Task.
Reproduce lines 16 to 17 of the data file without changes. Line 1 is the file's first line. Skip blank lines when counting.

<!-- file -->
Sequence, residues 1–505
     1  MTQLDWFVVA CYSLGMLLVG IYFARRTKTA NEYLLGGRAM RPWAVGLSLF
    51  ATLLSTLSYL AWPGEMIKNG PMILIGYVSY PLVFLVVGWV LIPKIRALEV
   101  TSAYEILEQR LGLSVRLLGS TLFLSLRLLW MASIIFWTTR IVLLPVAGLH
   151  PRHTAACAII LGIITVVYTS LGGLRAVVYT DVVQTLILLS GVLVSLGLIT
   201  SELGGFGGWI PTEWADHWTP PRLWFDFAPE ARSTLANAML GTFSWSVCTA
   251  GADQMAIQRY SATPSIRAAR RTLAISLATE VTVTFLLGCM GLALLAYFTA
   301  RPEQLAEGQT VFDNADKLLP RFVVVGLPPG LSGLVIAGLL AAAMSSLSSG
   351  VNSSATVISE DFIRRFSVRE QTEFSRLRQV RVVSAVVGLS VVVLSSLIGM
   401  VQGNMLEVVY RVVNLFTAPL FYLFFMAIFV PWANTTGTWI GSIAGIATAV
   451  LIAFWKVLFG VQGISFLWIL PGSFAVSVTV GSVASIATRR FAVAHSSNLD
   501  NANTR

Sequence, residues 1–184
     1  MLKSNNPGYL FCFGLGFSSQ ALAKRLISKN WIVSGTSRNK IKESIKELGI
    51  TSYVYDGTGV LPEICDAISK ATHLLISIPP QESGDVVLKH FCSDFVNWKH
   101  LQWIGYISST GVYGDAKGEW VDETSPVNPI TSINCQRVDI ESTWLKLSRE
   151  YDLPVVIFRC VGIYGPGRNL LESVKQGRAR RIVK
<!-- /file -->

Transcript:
   101  LQWIGYISST GVYGDAKGEW VDETSPVNPI TSINCQRVDI ESTWLKLSRE
   151  YDLPVVIFRC VGIYGPGRNL LESVKQGRAR RIVK